State-funded schools should never be allowed to discriminate against young children on religious grounds
Educate Together, Ireland’s equality-based school provider, contends that state-funded schools should never be allowed to discriminate against children on the basis of religion. Educate Together is not aware of any situation in which such discrimination is necessary in order to maintain the ethos of any school.
In a system wherein over 96% of the schools are religious-run, ‘Catholic first’ enrolment policies force many parents to compromise their own values in order for their children to access the local school. This is an unacceptable situation in a modern democratic republic. Children of all religious, cultural and social backgrounds should be able to access all state-funded education on an equal basis.
#EqualAccess & #EqualRespect In Irish schools
However, it is Educate Together’s position that simply eliminating the get-out clause used by religious-run schools to discriminate against non-baptised children in their enrolment policies will not fully resolve the issue.
Even if the right to discriminate on religious grounds was removed, it would not address the right of equality within the classroom. Once within a denominational school, children from non-Catholic families that ‘opt-out’ of faith formation will continue to experience discrimination as they are removed from certain lessons. This is an inadequate arrangement.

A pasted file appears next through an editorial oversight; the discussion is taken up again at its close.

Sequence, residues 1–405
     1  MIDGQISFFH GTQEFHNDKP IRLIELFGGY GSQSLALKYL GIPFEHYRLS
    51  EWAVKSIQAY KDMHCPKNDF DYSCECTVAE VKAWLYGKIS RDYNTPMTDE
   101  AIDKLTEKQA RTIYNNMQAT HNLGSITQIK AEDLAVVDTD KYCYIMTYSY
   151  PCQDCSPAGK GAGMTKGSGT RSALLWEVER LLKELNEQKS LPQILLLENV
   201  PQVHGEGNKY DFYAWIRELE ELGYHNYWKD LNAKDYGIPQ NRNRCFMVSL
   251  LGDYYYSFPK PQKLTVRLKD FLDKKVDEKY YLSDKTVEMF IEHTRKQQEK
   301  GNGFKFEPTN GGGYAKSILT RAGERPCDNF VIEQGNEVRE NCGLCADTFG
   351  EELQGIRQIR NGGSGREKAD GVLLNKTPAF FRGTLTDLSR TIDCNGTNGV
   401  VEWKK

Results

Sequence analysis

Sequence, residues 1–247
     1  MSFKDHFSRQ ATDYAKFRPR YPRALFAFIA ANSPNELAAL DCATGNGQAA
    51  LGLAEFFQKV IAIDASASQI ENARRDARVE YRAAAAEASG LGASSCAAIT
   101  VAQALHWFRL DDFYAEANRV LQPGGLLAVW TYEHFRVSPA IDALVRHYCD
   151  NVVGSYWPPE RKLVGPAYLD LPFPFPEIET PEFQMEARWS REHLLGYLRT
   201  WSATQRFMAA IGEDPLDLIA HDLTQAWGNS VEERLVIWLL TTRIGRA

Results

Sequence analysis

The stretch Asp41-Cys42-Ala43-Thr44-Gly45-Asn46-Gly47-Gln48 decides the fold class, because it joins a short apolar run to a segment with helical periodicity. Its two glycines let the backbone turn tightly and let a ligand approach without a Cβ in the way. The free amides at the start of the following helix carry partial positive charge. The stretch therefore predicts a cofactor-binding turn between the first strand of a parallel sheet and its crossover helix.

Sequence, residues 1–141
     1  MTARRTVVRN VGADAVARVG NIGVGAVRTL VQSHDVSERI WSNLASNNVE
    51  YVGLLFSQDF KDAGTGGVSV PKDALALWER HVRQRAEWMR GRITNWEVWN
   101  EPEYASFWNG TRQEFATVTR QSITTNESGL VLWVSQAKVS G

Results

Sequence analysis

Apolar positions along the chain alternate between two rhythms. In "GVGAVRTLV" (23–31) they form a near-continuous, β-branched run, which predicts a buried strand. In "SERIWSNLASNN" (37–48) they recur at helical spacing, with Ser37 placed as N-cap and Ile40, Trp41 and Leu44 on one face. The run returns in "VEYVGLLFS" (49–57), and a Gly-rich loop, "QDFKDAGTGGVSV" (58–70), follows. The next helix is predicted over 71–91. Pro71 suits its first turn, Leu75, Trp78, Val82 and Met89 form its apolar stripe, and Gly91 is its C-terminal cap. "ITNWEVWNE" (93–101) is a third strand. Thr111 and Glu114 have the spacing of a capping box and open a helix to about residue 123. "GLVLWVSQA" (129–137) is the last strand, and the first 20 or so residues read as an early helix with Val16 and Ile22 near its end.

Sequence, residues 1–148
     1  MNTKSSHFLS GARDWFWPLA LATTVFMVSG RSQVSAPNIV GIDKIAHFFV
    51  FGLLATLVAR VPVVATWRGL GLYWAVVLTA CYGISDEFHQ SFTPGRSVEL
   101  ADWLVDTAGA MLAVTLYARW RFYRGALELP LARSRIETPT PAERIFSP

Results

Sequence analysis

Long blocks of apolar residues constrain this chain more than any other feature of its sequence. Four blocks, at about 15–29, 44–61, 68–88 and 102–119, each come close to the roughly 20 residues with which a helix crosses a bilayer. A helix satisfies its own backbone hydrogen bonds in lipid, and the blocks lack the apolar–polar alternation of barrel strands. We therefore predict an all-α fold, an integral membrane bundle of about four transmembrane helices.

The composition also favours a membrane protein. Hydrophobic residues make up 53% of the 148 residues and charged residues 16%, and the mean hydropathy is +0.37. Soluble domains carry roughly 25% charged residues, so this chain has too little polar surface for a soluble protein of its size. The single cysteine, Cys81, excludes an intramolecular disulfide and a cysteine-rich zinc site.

The establishment of a national network of Educate Together schools, that guarantee equality of access and esteem to all children, is the solution. Lack of school choice for all families remains the fundamental problem – all children are welcomed in Educate Together schools and Educate Together will continue to lobby and open schools to provide a space where no child will feel like an outsider.
A national network of Educate Together schools
We believe that it is eminently possible to build a national network of equality-based Educate Together schools that will provide all families in the country with this choice within 30 minutes travel time in the morning. Our assessment suggests that a national network of approximately 300 Educate Together national schools is now needed. This is a modest number making up only 10% of the primary education system. Educate Together is calling on the Government the Department and the Catholic Church to work with us to provide this network by the year 2030.
What of those forgotten by the Government?
But what of the families in towns and cities who were already told by the Government that new Educate Together schools would be established for their children?
In 19 distinct areas, families are still waiting for the Educate Together national schools they were promised by the Irish Government under the divestment programme three years ago. These families were told by the Irish Government that they would see equality-based schools established for their children, run by Educate Together: Arklow / Ballina / Castlebar / Clonmel / Cobh / Dublin 6 / Dungarvan / Fermoy / Kells / Killarney / Leixlip / Loughrea / Nenagh / Palmerstown / Passage West / Rush / Shannon / Westport / Whitehall